What Ethernet cable to install in the home

  Parker1234 22:37 15 Jan 2012

Can you help me with what is the best cable to buy for home networking as the Internet itself is mind blowing.

Ok what we are trying to achieve is . Set up a home network around the house (hard wired) and want to attach a network drive in a different room to where the pc is.  

So what to buy and install,  cat5e or cat6 solid cable, shielded or unshielded 100mhz or 350mhz to max the performance in the house. 

I don't want to spent loads of cash on the cable, but want quality. The cable routing in the house does pass copper water pipes and a ring main.

  robin_x 23:36 15 Jan 2012
  Forum Editor 00:06 16 Jan 2012

Use unshielded CAT6 cable. Shielded cable is more expensive, and in a home environment it's not necessary, provided you observe a few simple rules ...

Try to run the cable so that it doesn't come into close proximity with mains electricity cables. If you have to cross mains cables at any point try to do it in such a way that the Cat6 and the mains cable cross at right angles. ( I know you say that it won't come near a ring main, but it's quite hard to avoid that happening under floors, and I assume you'll run under floors where possible).

Make all bends as slow as possible - definitely no kinks, and avoid pinching the cable with clips. Don't pull the cable tightly - plenty of slack where it passes under floors is a good thing.

If you can, terminate the cables in network outlet wall boxes.

  Parker1234 23:02 16 Jan 2012

Thank you for your reply... that has made things simple. I was going to buy the cat 6 cable, but then though is it just me wanting the best every time, but reading your reply, cat 6 is best for using other connections such as video etc.

Another question overall if you are allowed to say ... where is the best place to buy the front plates in white that are quality connections

Would you say use modular or fixed plates in the installation.

  robin_x 23:23 16 Jan 2012

Depends if you want to mix'n'match or change your mind/future expansion.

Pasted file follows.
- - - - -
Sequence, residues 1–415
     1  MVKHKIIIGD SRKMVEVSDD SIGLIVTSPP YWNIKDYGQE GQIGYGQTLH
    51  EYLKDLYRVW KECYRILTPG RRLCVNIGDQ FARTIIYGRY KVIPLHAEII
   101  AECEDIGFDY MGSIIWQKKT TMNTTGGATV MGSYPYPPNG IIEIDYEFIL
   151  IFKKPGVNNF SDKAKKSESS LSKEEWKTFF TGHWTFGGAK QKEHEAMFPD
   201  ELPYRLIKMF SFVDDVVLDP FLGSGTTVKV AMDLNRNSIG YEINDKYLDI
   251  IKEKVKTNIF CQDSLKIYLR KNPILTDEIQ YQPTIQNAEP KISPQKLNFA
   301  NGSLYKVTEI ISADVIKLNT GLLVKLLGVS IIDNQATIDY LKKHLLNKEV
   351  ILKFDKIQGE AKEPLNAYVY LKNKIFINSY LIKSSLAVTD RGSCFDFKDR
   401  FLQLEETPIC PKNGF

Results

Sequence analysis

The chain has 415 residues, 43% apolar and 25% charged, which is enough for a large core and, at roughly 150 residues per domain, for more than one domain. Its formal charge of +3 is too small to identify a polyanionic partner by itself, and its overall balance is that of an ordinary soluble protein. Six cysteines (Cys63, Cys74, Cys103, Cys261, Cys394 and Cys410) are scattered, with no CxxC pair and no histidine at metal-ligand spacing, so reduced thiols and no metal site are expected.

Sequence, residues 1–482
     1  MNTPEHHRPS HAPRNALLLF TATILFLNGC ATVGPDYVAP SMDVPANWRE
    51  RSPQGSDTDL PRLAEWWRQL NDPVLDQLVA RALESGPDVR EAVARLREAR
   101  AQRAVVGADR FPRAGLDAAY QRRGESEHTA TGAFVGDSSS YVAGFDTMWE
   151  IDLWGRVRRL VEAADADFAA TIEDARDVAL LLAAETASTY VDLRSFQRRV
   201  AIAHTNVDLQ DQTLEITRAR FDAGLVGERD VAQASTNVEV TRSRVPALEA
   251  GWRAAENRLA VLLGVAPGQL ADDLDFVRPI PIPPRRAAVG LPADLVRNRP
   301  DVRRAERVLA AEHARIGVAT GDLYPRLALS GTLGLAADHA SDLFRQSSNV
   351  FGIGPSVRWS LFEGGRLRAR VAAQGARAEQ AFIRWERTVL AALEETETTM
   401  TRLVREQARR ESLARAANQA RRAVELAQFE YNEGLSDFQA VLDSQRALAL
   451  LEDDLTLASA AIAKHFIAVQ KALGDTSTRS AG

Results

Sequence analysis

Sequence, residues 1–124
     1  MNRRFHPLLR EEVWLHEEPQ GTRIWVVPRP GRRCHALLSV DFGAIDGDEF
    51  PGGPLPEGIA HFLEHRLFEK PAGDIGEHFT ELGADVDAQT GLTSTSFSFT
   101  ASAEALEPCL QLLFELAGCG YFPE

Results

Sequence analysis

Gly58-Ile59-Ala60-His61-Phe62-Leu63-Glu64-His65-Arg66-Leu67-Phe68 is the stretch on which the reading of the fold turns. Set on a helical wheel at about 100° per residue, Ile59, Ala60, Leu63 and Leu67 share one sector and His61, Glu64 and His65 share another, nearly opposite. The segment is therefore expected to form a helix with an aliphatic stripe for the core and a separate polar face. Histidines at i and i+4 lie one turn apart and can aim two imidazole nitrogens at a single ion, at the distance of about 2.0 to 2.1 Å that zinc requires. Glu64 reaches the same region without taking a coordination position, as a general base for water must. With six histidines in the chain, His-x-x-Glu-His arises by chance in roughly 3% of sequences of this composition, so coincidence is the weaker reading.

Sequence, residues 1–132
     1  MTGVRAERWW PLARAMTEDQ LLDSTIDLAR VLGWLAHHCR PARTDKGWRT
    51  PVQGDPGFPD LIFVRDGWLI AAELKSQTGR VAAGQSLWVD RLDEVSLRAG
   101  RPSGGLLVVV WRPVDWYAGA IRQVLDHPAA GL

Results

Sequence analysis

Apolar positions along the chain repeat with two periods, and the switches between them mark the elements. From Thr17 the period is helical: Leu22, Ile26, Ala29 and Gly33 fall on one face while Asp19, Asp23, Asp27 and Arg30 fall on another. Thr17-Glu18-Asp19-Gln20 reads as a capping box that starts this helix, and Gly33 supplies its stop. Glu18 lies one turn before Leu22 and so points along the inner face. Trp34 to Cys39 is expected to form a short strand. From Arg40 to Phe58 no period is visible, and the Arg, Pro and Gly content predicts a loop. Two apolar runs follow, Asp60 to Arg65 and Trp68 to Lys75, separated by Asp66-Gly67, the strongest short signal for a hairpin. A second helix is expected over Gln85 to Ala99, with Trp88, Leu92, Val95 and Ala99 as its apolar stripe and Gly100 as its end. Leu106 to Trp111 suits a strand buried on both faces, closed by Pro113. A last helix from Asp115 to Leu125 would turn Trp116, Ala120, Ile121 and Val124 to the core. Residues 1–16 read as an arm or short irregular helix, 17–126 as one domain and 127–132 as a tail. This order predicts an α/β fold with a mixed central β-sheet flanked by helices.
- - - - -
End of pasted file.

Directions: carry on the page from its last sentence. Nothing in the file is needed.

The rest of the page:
I find Screwfix quite adequate at good prices.

B&Q and local Electrical Factors also supply or High St DIY shops.

  Input Overload 11:34 17 Jan 2012

I used to buy Networking bits from here http://www.qvsdirect.com/_search.php?page=1&q=cat6 but it was a while ago.

  SimpleSimon1 15:26 17 Jan 2012

If you want the advantages of a wired connection but don't want to mess around with CAT6, using Homeplug devices is a good compromise (and much cheaper).

They're an absolute doddle to set-up (just plug them into your mains sockets) and seem reliable. If you want to punt media files around the place with no lag, use the 200Mbps versions. If you're only ever going to want to move docs around, you could go for the 85Mbps versions but there really aint much difference in price

There are loads of different suppliers but I suspect that most of the leading brands are much of a muchness. Don't try to mix brands - it might work but then again might not and all the suppliers will just say that it's the other blokes fault!

Whilst you'll never get the full-rated speed out of them, they do the biz and being able to simply move a connection by unplugging from one power socket and plugging in to another is absolutely brill!

Of course, you might like struggling with cable reels, wire cutters and cable runs.....

  Muergo 17:42 17 Jan 2012

I agree with SimpleSimon having used a version of "Homeplug very successfully after trying long runs of cable and also wireless modems which wouldn't work in my house.

I bought mine from Maplin but Amazon has a good range of everything and both companies will take goods back if they don't work provided you unpack/repack carefully.

  The Kestrel 22:09 17 Jan 2012

I agree with Simple Simon 1 and Muergo, use powerline adapters rather than a wired connection. I have these adapters from ebuyer http://www.ebuyer.com/276602-extra-value-200mbps-powerline-adapter-twin-pack-pa304w-p3p and they work perfectly, even through an external wall into an extension.

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